UT Austin professor Delia J. Milliron recognized for advances in smart window technology

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Credit: TAMEST

Delia J. Milliron, Ph.D. of The University of Texas at Austin is the recipient of the 2018 Edith and Peter O'Donnell Award in Engineering from The Academy of Medicine, Engineering and Science of Texas (TAMEST).

Dr. Milliron has advanced technology that could revolutionize how windows are used in modern architecture. She has developed a new material that when applied to windows with a thin coating can dynamically control the amount of infrared light (and the heat that comes with it) that passes through. This "smart window" technology allows visual interaction with the outdoors without having too much – or not enough – heat from the sun, which could result in significantly reduced energy consumption.

"Dr. Milliron has a very deep understanding of chemistry and physics," says Thomas M. Truskett, Ph.D., Department Chair of the McKetta Department of Chemical Engineering at The Cockrell School of Engineering at The University of Texas at Austin. "She knows how to identify the great problems we face and the societal needs that have to be addressed."

Dr. Milliron is a professor in the McKetta Department of Chemical Engineering at The Cockrell School of Engineering at The University of Texas at Austin. Learn more about Dr. Milliron and her discoveries.

"The TAMEST Edith and Peter O'Donnell Awards showcase the best and brightest among Texas researchers," says TAMEST President Gordon England. "Their work is helping to advance science and open new pathways to discovery. We're proud to recognize Dr. Delia Milliron for her achievements."

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Interview opportunities with Dr. Milliron are available. Please contact:

Patrick Wiseman
Executive Director of Communications and Marketing, Cockrell School of Engineering
The University of Texas at Austin
512-232-8060
[email protected]

Research Highlights

Dr. Milliron has developed a new class of plasmonic materials, enabling unprecedented control over infrared light. By adding or removing charge to her doped semiconductor metal oxide nanocrystals, she was able to demonstrate dynamic control over infrared light transmission, leading to a new class of smart windows that control lighting and heating on demand.

Dr. Milliron is a leading researcher in the field of colloidal nanocrystals. She has pioneered the development of doped semiconducting nanocrystals that exhibit plasmonic resonance in the infrared spectral region. Plasmonic nanomaterials interact strongly with light at their resonance wavelengths and classical plasmonic metals, such as gold and silver, have emerging applications ranging from therapeutics to threat detection and diagnostics. Larger scale applications of plasmonic materials, for example in energy technologies, could be enabled by Dr. Milliron's low cost metal oxide-based plasmonic materials. She has demonstrated that, unlike classical metals, the resonant response of plasmonic semiconducting nanocrystals can be made responsive to the addition or removal of electronic charge. This dynamic behavior opens new possibilities that were not previously achievable, at any materials cost.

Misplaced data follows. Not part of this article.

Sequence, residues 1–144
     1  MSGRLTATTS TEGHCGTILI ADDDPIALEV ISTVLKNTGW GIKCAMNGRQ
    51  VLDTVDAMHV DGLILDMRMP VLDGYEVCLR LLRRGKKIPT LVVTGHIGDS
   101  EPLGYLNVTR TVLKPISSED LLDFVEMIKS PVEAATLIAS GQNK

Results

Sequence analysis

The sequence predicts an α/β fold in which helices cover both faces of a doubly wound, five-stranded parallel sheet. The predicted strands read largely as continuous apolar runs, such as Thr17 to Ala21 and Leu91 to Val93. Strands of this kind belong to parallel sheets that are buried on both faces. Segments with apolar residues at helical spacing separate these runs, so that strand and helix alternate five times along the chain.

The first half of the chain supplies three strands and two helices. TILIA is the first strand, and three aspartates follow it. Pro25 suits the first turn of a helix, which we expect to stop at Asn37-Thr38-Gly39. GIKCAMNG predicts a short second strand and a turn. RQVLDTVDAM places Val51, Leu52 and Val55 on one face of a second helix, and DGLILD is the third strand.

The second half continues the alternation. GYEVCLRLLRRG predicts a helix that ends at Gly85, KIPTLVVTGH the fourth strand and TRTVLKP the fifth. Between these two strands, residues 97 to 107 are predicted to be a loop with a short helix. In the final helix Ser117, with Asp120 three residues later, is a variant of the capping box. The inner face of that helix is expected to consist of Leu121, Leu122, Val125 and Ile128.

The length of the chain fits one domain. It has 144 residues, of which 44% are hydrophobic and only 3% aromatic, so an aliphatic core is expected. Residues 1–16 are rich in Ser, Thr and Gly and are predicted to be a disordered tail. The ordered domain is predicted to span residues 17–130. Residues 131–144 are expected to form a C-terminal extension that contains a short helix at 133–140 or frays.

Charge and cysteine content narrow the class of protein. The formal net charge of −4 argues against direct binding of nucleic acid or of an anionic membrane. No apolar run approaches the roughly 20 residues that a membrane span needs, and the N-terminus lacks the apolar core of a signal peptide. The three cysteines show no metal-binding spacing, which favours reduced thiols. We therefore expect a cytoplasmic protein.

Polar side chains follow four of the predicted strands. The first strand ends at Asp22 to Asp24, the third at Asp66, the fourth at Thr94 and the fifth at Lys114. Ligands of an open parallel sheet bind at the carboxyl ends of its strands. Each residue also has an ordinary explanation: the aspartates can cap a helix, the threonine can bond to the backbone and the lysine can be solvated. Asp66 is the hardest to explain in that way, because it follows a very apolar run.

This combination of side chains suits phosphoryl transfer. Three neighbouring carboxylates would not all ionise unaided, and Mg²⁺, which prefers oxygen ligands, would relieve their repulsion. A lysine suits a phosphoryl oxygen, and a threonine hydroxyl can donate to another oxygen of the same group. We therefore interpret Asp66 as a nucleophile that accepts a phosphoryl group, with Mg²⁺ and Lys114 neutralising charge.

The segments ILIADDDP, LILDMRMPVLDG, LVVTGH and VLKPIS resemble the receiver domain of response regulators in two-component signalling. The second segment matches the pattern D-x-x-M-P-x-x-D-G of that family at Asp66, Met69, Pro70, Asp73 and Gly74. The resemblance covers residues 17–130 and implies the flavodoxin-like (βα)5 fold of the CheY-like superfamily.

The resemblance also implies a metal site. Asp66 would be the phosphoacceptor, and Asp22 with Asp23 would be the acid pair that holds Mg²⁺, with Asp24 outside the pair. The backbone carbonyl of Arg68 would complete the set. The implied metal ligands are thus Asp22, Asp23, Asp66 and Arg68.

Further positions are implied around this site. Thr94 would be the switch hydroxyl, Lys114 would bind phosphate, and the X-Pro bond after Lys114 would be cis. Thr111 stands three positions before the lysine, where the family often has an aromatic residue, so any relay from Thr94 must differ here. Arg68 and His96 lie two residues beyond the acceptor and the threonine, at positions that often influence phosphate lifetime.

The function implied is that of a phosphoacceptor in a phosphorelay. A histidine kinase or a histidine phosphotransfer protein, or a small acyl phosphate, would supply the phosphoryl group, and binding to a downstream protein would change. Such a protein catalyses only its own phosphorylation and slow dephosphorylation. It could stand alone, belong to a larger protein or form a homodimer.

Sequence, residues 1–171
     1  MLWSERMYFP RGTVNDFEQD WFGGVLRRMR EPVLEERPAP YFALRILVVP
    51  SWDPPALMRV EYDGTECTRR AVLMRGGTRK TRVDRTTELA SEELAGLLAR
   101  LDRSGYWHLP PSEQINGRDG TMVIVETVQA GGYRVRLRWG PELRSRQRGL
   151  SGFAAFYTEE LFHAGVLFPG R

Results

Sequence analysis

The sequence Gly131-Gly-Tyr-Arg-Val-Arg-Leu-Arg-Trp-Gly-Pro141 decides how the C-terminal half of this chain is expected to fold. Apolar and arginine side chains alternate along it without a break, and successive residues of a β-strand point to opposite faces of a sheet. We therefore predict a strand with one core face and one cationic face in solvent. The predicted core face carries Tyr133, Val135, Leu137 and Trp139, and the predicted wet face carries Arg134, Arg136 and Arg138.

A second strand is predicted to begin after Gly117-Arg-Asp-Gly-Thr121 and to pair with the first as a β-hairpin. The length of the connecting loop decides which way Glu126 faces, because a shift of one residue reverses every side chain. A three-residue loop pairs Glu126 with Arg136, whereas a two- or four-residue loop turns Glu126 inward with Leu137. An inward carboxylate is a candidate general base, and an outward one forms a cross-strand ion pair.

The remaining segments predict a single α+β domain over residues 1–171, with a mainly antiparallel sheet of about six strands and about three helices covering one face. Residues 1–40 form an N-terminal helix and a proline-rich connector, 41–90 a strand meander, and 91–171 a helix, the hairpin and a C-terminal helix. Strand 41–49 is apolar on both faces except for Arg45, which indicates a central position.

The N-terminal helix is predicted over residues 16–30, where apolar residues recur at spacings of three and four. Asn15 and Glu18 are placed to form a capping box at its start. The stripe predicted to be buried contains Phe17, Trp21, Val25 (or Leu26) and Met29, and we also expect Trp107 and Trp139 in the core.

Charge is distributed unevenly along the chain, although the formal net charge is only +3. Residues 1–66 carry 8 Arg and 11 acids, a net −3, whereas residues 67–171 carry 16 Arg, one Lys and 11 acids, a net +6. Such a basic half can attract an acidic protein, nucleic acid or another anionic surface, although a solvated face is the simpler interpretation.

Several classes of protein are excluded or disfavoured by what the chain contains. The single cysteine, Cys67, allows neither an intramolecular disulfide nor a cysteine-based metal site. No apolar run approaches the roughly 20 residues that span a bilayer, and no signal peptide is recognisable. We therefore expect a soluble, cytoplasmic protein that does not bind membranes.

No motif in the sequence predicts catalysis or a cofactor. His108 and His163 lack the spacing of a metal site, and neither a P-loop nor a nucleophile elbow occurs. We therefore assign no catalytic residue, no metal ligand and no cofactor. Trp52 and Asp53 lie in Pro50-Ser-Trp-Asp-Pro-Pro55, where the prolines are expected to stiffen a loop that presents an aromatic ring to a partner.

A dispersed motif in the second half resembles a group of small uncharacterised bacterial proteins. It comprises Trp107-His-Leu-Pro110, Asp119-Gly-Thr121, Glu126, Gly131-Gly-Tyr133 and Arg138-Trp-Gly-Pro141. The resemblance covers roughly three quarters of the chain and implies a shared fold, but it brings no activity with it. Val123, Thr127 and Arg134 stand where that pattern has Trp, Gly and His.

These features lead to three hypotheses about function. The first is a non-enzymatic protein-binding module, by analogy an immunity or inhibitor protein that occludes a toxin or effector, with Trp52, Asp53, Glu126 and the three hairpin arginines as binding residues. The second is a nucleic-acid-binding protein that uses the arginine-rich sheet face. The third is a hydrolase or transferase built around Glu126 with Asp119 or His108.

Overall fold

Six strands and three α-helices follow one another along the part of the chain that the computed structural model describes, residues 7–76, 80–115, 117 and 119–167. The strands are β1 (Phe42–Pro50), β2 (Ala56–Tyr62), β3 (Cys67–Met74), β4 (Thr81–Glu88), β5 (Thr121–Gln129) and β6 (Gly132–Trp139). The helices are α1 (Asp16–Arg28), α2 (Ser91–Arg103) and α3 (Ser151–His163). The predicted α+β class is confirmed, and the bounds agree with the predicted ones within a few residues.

The seminal application that Dr. Milliron has advanced is a new type of energy-saving smart window that can control light and heat from the sun entering an indoor space on demand. Plasmonic nanocrystals enable the selective control over infrared light transmission that leads to solar heat gain by applying a variable control voltage, not exceeding 5 volts. As a result, solar heating and lighting can be controlled on demand for the first time. Dr. Milliron's uncovering of the fundamental materials science of plasmonic metal oxide nanocrystals is setting the stage for further impact of these new materials in molecular sensing and detection, in catalysis, and in solar energy conversion.

2018 TAMEST Edith and Peter O'Donnell Awards Recipients:

  • Medicine: Jordan Scott Orange, M.D., Ph.D., Baylor College of Medicine
  • Engineering: Delia Milliron, Ph.D., The University of Texas at Austin
  • Science: Xiaoqin Elaine Li, Ph.D., The University of Texas at Austin

Over $1 million has been awarded to 50 recipients in the categories of medicine, engineering, science and technology innovation since the inception of the O'Donnell awards in 2006. The awards are named in honor of Edith and Peter O'Donnell, who are among Texas' staunchest advocates for excellence in scientific advancement and STEM education. Read more about the 2018 Edith and Peter O'Donnell Awards recipients.

The recipients will be honored during the O'Donnell Awards dinner and reception on Thursday, January 11, 2018, at the TAMEST 2018 Annual Conference: Aerospace. The conference takes place January 10-12, 2018, at the South Shore Harbour Resort and Conference Center in League City, Texas, just outside of Houston. Media are encouraged to attend.

About TAMEST

TAMEST (The Academy of Medicine, Engineering and Science of Texas) is the state's premier scientific organization, bringing together Texas' best and brightest scientists and researchers. TAMEST membership includes all Texas-based members of the National Academies of Sciences, Engineering, and Medicine and the state's Nobel Laureates.

Media Contact

Patrick Wiseman, Cockrell School of Engineering
[email protected]
512-232-8060

Terrence Henry, TAMEST
[email protected]
512-471-9121

Original Source

http://tamest.org/news/odonnell-award-engineering/

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